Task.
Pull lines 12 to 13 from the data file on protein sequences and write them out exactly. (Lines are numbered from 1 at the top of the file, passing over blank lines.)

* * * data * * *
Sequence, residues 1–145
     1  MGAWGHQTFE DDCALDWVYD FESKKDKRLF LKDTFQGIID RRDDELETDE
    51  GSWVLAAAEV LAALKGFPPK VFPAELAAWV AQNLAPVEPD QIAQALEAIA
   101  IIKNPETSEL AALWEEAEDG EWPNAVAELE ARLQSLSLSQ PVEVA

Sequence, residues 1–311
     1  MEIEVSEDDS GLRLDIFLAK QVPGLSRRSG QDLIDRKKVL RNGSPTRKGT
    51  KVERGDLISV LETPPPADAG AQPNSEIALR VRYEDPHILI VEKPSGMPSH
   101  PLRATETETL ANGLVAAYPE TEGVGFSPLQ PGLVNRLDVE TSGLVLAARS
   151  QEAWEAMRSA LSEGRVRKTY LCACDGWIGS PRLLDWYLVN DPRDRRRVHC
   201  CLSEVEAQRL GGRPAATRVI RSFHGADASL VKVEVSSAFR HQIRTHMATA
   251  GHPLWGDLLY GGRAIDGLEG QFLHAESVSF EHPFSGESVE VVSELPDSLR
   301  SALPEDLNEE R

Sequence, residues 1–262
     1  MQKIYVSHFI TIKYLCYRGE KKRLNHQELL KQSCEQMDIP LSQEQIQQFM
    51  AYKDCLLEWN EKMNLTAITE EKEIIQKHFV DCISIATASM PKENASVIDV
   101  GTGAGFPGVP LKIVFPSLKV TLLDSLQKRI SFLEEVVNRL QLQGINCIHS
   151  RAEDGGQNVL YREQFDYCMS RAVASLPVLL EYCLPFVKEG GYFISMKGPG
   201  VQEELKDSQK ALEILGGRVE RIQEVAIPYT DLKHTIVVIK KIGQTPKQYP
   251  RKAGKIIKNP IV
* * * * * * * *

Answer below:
   301  SALPEDLNEE R

Sequence, residues 1–262